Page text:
Still, breathwork is often introduced into Journal of Mental Health Counseling “A Practitioner's Guide to Breathwork in Clinical Mental Health Counseling” View Source because it brings the body out of sympathetic (fight or flight) mode and into a more calm state. Journal of Psychadelic Studies “An experience with Holotropic Breathwork is associated with improvement in non-judgement and satisfaction with life while reducing symptoms of stress in a Czech-speaking population” View Source can also promote non-judgement, reduce stress, and help people become more satisfied with their lives. And Journal of Spirituality in Mental Health “Identifying alternative mental health interventions: a systematic review of randomized controlled trials of chanting and breathwork” View Source combined with chanting things like American Journal of Psychiatry “Individual Treatment of Posttraumatic Stress Disorder Using Mantram Repetition: A Randomized Clinical Trial” View Source (or simply the word “ ResearchGate “Chanting Meditation Improves Mood and Social Cohesion” View Source ”) may help alleviate depression, stress, and symptoms of PTSD.
Our Rating: Healthy
How To Start Breathwork
Improving your breath is akin to going to the gym to train your muscles. First, you’ll need to look at ideal form (Vranich’s Breathing IQ assessment may help) to understand how you’re breathing now. Then, after you’ve measured your horizontal, vertical, or combo-breathing (a mix of shallow and deep breathing) habits, you can practice improving, slowing down, or redirecting your breathing to help you focus, maintain calm, or even get amped up before an event. (Breath manipulation mostly occurs during finite sessions because it requires a lot of focus, but the effects can carry over into everyday life.) This breathing education happens under the care of an educator or practitioner who has trained in breathwork (usually through a yoga school or a program certified with the Global Breathwork Alliance), but the apps we researched for this guide can serve as an accompaniment to this process.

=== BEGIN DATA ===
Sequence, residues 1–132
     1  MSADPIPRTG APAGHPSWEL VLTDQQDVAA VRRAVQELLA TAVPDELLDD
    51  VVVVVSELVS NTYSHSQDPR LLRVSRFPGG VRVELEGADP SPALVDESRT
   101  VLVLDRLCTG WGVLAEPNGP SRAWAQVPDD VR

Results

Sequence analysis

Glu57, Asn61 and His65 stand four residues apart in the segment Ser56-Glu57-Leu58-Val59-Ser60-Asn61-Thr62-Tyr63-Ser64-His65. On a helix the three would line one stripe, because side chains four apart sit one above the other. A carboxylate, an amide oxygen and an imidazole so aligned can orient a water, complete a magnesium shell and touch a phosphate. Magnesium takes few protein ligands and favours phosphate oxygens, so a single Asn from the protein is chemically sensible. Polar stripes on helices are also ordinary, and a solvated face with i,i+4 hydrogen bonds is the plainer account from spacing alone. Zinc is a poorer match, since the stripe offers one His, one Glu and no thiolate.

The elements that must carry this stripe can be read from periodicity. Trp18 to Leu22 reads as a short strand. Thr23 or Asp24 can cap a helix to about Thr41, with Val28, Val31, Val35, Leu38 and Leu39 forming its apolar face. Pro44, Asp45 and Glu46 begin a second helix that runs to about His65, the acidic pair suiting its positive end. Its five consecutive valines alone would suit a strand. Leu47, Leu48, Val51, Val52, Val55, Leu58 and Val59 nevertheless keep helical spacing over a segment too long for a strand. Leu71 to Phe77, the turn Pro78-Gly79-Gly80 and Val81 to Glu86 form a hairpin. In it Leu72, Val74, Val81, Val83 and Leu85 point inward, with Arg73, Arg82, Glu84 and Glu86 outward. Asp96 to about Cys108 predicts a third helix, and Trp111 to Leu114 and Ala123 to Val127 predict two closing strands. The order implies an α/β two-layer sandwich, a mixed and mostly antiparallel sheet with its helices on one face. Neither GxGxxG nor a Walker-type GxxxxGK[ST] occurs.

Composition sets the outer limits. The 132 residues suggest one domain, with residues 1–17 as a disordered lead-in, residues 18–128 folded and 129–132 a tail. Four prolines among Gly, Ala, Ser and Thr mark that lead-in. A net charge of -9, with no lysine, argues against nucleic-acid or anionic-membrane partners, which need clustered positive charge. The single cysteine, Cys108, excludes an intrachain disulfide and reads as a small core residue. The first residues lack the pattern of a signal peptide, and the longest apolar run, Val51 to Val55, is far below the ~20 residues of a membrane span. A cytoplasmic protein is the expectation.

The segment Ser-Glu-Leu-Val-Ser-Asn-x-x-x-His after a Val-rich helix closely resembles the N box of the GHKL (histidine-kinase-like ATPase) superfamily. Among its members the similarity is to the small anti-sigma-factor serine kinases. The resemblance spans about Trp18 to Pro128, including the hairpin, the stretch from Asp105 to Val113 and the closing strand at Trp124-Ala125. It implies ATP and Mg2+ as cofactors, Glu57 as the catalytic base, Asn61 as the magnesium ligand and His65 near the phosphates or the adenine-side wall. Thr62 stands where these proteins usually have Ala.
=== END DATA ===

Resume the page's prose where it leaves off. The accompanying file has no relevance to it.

Most of the breathing apps in this guide use a set of standard breathing patterns that are well-documented in research and offer benefits ranging from reduced anxiety, to better sleep, to improved digestion.
- Cleveland Clinic “How Box Breathing Can Help You Destress” View Source : A breathing exercise that refers to the four sides of a box. It involves breathing in for four seconds, holding your breath for four seconds, exhaling for four seconds, and holding it for four more seconds.
- WebMD “What Is Pranayama?” View Source : This is a method of controlling your breath. It is also used in yoga and is often referred to as the fourth “limb” of the practice—the word can be used in conjunction with the word “asana,” or pose, which signifies that there are many different forms it can take. Sometimes, it involves inhaling, exhaling, and holding breath in certain intervals. Sometimes, it involves kundalini breathing (or “breaths of fire”), which is faster. It may be done in conjunction with yoga pose (asanas) or during meditation (dhyana).
- Yoga Journal “What is Ujjayi?” View Source : A component of pranayama breathwork that focuses on controlling your breath using inhales and exhales through your nose. It is mostly used in yoga, and involves making a forceful sound like that of an ocean wave when you breathe out.